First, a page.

Oil traders are hiring expensive U.S. vessels, normally only used for domestic shipments, to store gasoline or ship fuel overseas, five shipping sources said, in a sign of the energy industry’s desperation for places to park petroleum amid a 30% drop in worldwide demand.
Billions of people worldwide are living under confinement rules due to the coronavirus pandemic, destroying demand for gasoline and other fuels and creating a supply glut. Storage tanks onshore and floating storage in tankers on the water are rapidly filling, leaving fewer options for traders looking to sock away oil.
Several shippers said they have started to book Jones Act (JA) vessels for foreign voyages or to store refined products. The century-old Jones Act requires that vessels traveling between domestic ports be owned and operated by U.S. crews, and they are generally more expensive than other vessels.
“It’s very unusual to use JA tankers for international trips,” one shipping source said.
Those restrictions, and lack of availability, typically make the tankers more expensive than foreign-flagged vessels that go to other countries. Around 45 products tankers are JA compliant, shipping data reviewed by Reuters showed.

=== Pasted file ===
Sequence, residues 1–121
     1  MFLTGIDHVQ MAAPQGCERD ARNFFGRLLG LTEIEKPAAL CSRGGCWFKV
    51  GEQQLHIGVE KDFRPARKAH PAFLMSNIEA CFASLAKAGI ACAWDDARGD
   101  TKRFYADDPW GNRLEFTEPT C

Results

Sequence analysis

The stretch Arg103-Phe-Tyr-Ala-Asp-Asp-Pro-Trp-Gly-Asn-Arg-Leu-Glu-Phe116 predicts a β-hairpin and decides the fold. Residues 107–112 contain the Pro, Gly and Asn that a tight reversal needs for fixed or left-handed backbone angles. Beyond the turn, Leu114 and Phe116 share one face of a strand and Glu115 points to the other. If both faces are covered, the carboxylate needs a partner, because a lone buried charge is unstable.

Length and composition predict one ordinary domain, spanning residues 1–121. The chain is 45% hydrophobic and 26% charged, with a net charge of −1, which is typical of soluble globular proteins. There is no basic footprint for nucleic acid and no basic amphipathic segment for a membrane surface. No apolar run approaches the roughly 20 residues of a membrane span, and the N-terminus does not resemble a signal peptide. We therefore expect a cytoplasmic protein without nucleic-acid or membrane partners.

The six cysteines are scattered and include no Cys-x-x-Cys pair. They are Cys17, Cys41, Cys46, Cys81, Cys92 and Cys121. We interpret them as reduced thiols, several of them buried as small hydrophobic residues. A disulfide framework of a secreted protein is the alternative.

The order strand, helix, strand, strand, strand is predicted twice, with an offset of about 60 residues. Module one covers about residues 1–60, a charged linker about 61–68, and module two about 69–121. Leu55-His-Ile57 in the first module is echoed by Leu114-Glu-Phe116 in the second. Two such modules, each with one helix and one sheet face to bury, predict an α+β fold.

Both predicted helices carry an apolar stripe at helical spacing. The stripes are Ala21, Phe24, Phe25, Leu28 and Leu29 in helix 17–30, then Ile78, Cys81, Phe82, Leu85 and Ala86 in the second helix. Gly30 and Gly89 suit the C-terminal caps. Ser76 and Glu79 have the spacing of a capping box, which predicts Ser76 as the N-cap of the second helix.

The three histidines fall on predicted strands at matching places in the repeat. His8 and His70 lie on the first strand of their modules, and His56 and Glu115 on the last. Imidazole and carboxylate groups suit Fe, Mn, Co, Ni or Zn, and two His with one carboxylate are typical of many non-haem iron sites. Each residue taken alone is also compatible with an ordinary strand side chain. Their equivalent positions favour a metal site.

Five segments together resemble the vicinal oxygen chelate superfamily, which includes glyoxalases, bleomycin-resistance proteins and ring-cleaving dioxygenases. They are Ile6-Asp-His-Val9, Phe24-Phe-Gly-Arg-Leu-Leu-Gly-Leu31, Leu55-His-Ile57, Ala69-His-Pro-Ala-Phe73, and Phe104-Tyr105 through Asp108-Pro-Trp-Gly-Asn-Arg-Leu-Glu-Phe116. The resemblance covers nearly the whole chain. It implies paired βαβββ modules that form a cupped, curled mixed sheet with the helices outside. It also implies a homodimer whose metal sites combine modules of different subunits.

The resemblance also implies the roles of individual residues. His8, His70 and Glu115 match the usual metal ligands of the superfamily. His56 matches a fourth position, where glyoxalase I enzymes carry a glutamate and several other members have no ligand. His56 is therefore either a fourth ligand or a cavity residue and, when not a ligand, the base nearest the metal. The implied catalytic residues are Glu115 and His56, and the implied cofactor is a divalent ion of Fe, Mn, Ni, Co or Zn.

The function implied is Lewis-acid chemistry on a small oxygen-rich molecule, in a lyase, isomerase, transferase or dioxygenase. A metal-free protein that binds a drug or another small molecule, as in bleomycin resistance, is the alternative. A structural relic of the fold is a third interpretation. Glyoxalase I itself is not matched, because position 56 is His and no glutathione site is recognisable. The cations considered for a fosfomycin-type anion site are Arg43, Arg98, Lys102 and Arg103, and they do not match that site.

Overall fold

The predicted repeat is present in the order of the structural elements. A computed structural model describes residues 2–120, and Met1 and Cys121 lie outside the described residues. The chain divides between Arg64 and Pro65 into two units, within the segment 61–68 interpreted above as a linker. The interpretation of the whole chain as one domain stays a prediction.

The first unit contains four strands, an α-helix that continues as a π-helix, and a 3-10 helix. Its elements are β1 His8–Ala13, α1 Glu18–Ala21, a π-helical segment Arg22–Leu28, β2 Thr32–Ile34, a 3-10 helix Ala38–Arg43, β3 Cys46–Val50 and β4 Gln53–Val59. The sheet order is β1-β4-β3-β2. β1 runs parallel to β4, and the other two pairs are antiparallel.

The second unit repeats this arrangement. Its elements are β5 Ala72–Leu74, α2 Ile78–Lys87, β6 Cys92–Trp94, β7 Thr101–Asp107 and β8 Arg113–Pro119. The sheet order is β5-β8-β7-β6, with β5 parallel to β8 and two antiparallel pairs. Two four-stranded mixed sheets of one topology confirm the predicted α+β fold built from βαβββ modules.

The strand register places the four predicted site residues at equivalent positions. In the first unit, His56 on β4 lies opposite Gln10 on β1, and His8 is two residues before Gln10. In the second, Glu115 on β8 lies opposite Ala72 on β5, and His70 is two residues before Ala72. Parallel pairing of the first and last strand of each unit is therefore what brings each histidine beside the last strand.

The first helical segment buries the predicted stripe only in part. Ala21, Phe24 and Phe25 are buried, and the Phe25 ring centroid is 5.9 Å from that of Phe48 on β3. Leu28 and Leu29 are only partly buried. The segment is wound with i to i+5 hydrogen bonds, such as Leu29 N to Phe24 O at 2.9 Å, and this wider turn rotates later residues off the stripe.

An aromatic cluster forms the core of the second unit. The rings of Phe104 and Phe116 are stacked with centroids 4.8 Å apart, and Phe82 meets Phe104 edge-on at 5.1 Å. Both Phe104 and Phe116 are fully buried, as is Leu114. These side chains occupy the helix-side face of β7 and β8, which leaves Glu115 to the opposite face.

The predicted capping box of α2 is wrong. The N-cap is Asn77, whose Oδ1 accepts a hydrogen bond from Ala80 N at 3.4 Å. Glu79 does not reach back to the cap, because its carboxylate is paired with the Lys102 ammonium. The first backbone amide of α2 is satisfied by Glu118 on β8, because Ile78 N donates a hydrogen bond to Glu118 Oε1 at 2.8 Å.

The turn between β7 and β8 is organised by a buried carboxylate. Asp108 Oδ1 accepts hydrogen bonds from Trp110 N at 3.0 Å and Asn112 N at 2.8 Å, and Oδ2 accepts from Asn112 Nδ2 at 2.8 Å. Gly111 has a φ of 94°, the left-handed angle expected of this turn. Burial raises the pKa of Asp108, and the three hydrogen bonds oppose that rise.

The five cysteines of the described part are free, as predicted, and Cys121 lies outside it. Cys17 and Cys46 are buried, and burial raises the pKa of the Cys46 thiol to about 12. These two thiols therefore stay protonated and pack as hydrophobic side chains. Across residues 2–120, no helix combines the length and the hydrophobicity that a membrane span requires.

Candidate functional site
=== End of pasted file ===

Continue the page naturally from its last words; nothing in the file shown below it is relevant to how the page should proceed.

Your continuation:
Rates for foreign-flagged fuel tankers such as medium-range and long-range vessels leaving from the United States have jumped to about $60,000 and a record $100,000 a day, compared with Jones Act medium-range tanker rates of about $55,000 to$70,000 a day, the sources said.
Refiner Motiva Enterprises is among companies looking to potentially charter a Jones Act vessel for an overseas voyage, shipping sources said.
Motiva did not immediately respond to a request for comment.
Inventories of gasoline in the United States have surged to a record and U.S. refiners are operating at about two-thirds of capacity. Roughly 85% of worldwide onshore storage was full as of last week, according to Kpler data.
“The Jones Act sector is mirroring what we are seeing with the wider oil tanker market with a surge in demand for tankers as refiners can’t sell gasoline or oil products. Utilization of Jones Act tankers is at 100%,” said Basil Karatzas of New York-based shipping finance advisory firm Karatzas Marine Advisors & Co, which is active in the Jones Act market.
He said some older JA tankers that had been planned to be scrapped may end up being used as storage.
Long-range tankers can carry between 345,000 barrels and 615,000 barrels of gasoline or between 310,000 barrels and 550,000 barrels of light sweet crude.
Jones Act tankers usually are employed under time charters for over a period of a year.